communication was used to receptively access the learning task to solve
multiplication problems of 4 within 20. This can be seen in clip one from task two
at 1:44 when the focus learner assists a peer in solving a multiplication problem of
4 within 20.
The focus learner is also able to expressively demonstrate learning through the
situational expectation demands. This can be seen in the additional video clip
named “communication use” at 3:22. The focus learner is able to expressively solve
the multiplication problem by following the oral directions and using the
manipulatives.
Task 3: Assess focus learner’s ability
to demonstrate communication skills
Note: Academic Language should be
seamlessly embedded within the content unit
Example: science unit on simple machines
Day 1: what are simple machines?
Day 2: experiment on inclined planes
Day 3: write up conclusion on experiment;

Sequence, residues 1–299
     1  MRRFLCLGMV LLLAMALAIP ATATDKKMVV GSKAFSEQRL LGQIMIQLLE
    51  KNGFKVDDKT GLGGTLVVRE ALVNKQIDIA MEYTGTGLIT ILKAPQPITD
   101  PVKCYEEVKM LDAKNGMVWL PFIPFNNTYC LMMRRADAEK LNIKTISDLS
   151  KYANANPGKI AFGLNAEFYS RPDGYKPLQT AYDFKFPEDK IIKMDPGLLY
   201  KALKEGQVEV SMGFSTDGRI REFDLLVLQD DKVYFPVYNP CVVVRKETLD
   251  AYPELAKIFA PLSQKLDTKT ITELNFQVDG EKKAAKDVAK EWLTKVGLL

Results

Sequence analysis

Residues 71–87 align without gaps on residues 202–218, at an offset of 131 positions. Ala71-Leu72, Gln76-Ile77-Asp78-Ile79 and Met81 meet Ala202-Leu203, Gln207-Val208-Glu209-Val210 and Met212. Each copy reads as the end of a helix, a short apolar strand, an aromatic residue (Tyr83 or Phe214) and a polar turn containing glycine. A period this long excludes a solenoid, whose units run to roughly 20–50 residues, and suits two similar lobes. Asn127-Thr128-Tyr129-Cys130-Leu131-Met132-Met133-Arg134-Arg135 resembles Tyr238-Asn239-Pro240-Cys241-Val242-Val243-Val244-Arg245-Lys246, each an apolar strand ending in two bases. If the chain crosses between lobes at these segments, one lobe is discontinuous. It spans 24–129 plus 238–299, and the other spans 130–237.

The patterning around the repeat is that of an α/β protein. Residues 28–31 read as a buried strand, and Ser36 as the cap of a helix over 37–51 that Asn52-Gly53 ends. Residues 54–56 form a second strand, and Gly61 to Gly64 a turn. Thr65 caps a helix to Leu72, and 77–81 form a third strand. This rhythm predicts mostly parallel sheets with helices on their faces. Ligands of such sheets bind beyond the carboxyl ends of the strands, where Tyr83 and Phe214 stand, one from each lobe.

students taught how to write a conclusion using
evidence from experiment
Day 4: reading on simple machines; students
taught structure of expository text
SO how do you teach Acad. Lang?
•
Planning
– Prepare lessons with language and content objectives in mind
•
Lesson Delivery:
– Use realia and “hands on” materials
– Engage students in 90-100% of the lesson
– Build/scaffold students’ schema/ background
– Vary techniques to make content concept and vocabulary clear
– Model and provide ample opportunities for students to use
strategies
– Provide frequent opportunities for interaction
•
Review/Assessment
– Provide comprehensive review of key concepts and vocabulary
– Conduct informal, quick assessments of comprehension and
learning
Academic language:
Level 2: only addressed vocabulary
Level 3: evidence that students demonstrated appropriate use of syntax or
discourse